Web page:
So, in the same way, eating blood is NOT the same as having a blood transfusion, since a blood transfusion is akin to a tissue transplant, where it is NOT digested in any way, and remains in the body to perform its assigned task of transporting nutrients to all the cells in the body, just as a liver transplant remains in the body and performs its assigned task of cleaning your blood, produces an important digestive liquid called bile, stores energy in the form of a sugar called glycogen.
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Answered by Dr. Bonnie Berger-Durnbaugh (1 hour later)
Brief Answer:
Yes, I believe this is true.

Detailed Answer:
Yes, from a medical perspective, transfused blood would not be considered eaten blood.

Transfused blood is not digested and assimilated the way food is. It remains in the blood stream until broken down and eliminated as if it is the recipient's own blood - providing there is no significant incompatibility (with major or minor blood types).
Above answer was peer-reviewed by : Dr. Chakravarthy Mazumdar
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Answered by
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Dr. Bonnie Berger-Durnbaugh

General & Family Physician

Practicing since :1991

Answered : 3138 Questions

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Is eating blood the same as blood transfusions?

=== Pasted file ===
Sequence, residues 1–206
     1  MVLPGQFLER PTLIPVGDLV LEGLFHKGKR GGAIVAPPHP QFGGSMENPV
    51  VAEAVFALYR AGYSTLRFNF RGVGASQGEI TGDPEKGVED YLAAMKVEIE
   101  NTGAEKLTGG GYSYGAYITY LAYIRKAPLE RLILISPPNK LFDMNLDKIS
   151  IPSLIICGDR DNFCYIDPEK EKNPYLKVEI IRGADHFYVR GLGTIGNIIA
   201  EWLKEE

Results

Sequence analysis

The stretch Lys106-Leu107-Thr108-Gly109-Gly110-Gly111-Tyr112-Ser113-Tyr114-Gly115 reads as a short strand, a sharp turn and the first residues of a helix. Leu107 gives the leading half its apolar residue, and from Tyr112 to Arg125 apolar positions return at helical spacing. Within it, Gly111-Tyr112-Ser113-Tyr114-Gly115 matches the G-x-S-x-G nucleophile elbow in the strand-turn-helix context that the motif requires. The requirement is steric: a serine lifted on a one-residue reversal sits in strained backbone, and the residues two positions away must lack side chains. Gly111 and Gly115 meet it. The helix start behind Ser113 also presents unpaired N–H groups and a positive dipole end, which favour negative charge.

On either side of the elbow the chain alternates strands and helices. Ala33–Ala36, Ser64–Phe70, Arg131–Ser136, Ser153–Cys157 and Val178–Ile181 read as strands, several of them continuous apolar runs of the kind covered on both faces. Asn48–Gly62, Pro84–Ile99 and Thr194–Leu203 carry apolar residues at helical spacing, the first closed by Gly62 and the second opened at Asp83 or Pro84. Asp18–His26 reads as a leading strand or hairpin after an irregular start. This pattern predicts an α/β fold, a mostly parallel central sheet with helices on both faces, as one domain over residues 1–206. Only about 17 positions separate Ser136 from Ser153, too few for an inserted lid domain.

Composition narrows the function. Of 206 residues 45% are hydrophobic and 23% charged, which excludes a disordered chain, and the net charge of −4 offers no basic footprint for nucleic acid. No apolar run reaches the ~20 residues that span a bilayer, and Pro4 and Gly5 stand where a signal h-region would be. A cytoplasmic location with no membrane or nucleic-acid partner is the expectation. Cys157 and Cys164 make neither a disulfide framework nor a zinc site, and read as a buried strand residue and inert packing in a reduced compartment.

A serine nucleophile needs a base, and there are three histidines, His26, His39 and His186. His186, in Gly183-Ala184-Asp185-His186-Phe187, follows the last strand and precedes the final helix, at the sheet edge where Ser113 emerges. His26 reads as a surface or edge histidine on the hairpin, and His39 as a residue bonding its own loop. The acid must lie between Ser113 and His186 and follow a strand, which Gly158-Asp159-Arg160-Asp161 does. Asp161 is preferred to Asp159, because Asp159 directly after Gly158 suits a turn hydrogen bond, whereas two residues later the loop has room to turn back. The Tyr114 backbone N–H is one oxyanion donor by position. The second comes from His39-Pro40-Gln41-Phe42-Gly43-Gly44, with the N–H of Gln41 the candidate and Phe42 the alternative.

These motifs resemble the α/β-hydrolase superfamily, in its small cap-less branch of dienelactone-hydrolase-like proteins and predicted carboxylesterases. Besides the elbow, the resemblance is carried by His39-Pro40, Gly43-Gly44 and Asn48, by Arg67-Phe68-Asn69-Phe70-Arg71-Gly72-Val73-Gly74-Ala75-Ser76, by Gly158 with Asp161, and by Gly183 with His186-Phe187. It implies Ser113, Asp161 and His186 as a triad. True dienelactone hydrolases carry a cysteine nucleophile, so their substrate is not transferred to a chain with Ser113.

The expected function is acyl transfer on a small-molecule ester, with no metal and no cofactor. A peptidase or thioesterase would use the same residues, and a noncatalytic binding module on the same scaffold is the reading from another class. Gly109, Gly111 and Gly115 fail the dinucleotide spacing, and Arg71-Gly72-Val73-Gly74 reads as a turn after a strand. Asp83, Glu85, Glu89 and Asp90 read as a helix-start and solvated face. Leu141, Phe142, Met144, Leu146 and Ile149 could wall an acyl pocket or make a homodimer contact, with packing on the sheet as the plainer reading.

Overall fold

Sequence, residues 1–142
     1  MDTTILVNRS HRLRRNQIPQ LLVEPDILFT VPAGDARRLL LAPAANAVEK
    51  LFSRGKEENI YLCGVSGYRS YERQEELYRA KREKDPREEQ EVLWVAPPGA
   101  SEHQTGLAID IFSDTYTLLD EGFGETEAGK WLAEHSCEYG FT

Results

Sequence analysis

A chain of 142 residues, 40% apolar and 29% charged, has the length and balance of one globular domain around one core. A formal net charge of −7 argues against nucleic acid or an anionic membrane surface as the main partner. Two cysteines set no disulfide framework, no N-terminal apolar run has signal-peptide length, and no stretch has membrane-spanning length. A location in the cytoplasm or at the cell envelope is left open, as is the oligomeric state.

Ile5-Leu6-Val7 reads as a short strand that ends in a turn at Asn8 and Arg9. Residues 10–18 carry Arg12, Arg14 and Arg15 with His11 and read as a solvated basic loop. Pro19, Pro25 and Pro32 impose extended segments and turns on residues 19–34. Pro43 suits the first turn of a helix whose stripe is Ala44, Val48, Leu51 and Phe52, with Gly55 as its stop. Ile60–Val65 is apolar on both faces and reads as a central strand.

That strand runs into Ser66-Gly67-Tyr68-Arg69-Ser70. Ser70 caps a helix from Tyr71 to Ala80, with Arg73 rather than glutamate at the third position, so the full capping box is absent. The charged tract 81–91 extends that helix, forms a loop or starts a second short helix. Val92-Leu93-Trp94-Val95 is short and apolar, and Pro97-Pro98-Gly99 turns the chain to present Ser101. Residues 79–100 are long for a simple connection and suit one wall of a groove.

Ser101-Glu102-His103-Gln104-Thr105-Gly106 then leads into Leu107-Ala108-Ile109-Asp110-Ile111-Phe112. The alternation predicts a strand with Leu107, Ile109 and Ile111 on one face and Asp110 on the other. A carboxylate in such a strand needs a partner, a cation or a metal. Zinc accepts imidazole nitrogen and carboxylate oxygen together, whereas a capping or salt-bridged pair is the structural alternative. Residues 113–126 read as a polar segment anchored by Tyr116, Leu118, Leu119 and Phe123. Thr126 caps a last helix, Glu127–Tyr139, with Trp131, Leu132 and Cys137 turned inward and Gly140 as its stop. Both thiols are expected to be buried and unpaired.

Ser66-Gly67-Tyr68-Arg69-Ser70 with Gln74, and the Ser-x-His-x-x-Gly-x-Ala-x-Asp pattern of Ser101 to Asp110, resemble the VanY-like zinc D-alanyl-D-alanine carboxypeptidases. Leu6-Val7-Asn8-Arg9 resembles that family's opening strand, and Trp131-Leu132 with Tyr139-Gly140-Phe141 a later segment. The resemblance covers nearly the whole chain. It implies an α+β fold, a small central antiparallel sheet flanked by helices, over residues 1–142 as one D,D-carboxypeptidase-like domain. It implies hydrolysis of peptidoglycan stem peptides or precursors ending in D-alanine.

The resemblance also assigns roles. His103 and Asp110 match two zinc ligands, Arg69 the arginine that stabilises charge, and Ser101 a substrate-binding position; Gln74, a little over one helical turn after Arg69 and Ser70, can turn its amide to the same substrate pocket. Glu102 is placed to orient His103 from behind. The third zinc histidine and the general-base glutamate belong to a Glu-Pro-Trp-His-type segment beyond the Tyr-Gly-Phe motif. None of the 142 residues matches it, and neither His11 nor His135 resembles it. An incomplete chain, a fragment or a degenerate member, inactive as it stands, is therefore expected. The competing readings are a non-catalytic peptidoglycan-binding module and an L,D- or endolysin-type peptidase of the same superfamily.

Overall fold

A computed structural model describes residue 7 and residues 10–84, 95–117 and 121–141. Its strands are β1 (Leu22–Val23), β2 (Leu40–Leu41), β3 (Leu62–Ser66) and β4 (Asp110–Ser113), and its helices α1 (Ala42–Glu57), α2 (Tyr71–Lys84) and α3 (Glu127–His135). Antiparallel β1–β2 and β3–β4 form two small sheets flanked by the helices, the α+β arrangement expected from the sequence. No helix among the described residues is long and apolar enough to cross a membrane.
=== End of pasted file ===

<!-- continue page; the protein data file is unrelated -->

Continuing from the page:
Brief Answer: I would suggest taking this up with a clergy person or spiritual advisor. Detailed Answer: Hello and welcome, These are good, thoughtful questions, and some religions have considered these questions and rejected blood transfusions. As I'm sure you have figured, doctors are not trained in whether medical procedures are prohibited by the Bible, as the practice of medicine is non-denominational and modern medicine is practiced around the world, regardless of religion. The practice of medicine began before the birth of western religions (Christianity, Judaism). Some religions, such as Jehova's Witness, and Christian Scientists do prohibit blood transfusions. Most other religions allow for blood transfusions. I don't think any of the doctors on this site will be able to answer your religious based question definitively, so I would refer you to the clergy of the religion you follow. Standard intravenous fluid does not contain nutrition such as proteins or carbohydrates. They contain salts, and sometimes glucose (a broken down sugar). Feeding thru a main blood vessel when a person has not been able to take in any nutrition for a prolonged period of time is TPN (total parenteral nutrition) and does contain all nutrients, so is like food that has been digested and is ready to be absorbed. Something else to think on: Orthodox Jews kosher their meat with koshering salt, allowing the salt to sit on the meat for a certain length of time to absorb any blood and then rinsing. They do this to follow the ordinance to not eat blood. Most Christians and less religious Jews do not do this. So if you do not do this, you may be eating blood too. Just something to consider. While there is no medical answer to your question, and this is a medical rather than religious based site, I hope the information I've provided adds to your thoughts and discussion on this topic.